Yes i agree with you about making it illegal. However trying to prosecute every bad person on the internet is basically impossible, even on a theoretical level.

    • Justin P
      April 3, 2014 at 2:34 pm

      Enforcement is a huge problem with such ads. Like I already said: Google doesn't want them, most page managers don't want them, and active steps are being taken to try to stop them. I'm not sure The Internet Police could help much, even if they wanted (and if they existed).

  15. JeSon
    March 27, 2014 at 2:54 pm

    @PenguinBeak - I use Mint and still download stuff from the internet, and add custom repos all the time T__T

  16. Sreeraj R
    March 27, 2014 at 11:57 am

    nice article. Useful for people with less experience in internet world.

  17. MissMandala
    March 26, 2014 at 8:52 pm

    Chrome and ADBLOCK PLUS ftw. Firefox can crawl in a hole. I will not support it or it's anti-LGBT stance.

    • Kathy
      March 26, 2014 at 10:21 pm

      Firefox has an anti-LGBT stance? Pls provide doc. If I'm convinced, I too will boycott.

    • CJ Des
      March 27, 2014 at 7:50 am

      Their current CEO is the one who has an anti-LGBT stance. Mozilla Foundation itself has good LGBT policies.

    • k0rrupt
      March 27, 2014 at 9:56 am

      Not much to it. Apparently the new CEO might be anti-gay. Still no reason to boycott Firefox. It is open source. Call it whatever you like!

  18. KT
    March 26, 2014 at 7:50 pm

    I'm with you guys. Ad blocker/ad block plus and click the do not let some ads button/do not track me/ghostery. Any time I use a pc without those ad ons it doesn't even look like the internet to me. Long live Firefox!

  19. Saksham S
    March 26, 2014 at 6:32 pm

    Download and Install AdblockPlus

  20. penguin beak
    March 26, 2014 at 3:47 pm

    People download software from the internet? You're kidding me, right? All software should come from a trusted repository for your Linux distro.

    • Howard B
      March 26, 2014 at 7:32 pm

      Not everybody is fortunate enough to be a "natural born penguin," and, for the moment, gaming on Linux sucks.

    • Metalcored00d
      March 26, 2014 at 9:41 pm

      Online ads are irrelevant to which OS you use, which is the actual topic discussed here

    • Sonylisation
      April 3, 2014 at 12:14 pm

      Repository's are still on the internet, so your still downloading your files from the internet.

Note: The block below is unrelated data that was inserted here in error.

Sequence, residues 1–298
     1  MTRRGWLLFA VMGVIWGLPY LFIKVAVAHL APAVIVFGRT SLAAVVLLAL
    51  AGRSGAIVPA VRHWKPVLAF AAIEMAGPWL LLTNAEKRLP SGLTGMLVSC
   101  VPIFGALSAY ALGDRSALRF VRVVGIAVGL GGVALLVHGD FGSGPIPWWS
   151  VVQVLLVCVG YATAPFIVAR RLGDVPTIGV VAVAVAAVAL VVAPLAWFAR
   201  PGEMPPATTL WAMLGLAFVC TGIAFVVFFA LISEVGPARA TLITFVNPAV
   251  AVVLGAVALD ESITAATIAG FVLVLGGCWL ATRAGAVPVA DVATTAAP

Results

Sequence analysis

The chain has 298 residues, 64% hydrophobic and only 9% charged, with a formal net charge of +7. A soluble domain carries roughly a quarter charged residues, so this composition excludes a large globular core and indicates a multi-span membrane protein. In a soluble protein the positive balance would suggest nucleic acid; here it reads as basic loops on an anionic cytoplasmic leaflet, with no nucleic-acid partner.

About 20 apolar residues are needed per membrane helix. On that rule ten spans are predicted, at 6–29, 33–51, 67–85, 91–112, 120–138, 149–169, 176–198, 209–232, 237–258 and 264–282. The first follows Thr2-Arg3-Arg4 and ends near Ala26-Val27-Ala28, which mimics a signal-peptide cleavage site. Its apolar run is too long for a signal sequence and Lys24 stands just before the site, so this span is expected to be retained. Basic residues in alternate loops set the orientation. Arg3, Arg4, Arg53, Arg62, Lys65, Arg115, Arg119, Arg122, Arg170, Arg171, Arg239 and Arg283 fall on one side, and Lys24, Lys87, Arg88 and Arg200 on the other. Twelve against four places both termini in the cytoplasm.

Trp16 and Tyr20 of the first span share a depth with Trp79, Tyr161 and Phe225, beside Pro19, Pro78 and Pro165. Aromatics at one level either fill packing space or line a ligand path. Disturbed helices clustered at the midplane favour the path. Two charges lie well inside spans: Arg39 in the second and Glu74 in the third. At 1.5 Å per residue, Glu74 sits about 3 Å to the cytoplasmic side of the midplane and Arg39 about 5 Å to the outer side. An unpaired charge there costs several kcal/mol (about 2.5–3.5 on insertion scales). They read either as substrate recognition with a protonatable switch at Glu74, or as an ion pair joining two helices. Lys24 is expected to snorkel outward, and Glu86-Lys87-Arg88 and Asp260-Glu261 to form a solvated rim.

However you download from trusted softwarehubs.

  21. bolt_858
    March 26, 2014 at 3:32 pm

    Just install Adblock Plus.

  22. tekky
    March 26, 2014 at 3:05 pm

    Installing Adblock plus gets rid of almost all download buttons containing malware or ads.

  23. Rashidmuhammed
    March 26, 2014 at 2:13 pm

    That is really a helpful tip..

  24. Scott M
    March 26, 2014 at 2:10 pm

    This should be required reading for anyone on the net.

  25. Jerry
    March 26, 2014 at 2:06 pm

    CNET is almost unusable for downloading software because of the ads.

    • ChoiceD
      March 27, 2014 at 2:31 pm

      You know, it makes me feel old to say it, but I remember when CNET was a decent website and a good place to download from. Times change.

    • Godel
      March 27, 2014 at 8:30 pm

      If you use Opera to download programs from CNet, they will usually feed you the straight file without all the crap.

      Most of the extra junk is in the form of BHOs for IE or Firefox, so when they see little orphan Opera they just throw up their hands and send you the basic file. I browse with Firefox, but keep a copy of Opera for just this purpose (or you could just get your files elsewhere).

    • pete
      March 28, 2014 at 8:05 am

      I use `CNet to notify me of updates but then go to the program's site to update directly

  26. Kiwi
    March 26, 2014 at 2:00 pm


    • Howard B
      March 26, 2014 at 7:31 pm

      AdBlock Edge + Element Hiding Helper...I use blocking rules like "*468x60.*" to block all of the usual "sized banners," plus other rules like "*/banners/*" for ads stupid enough to put them in a "banners" folder.

  27. Bill
    March 26, 2014 at 1:35 pm

    Or you cold just block all Google ads - problem solved!

    • sefasd
      December 12, 2016 at 8:08 am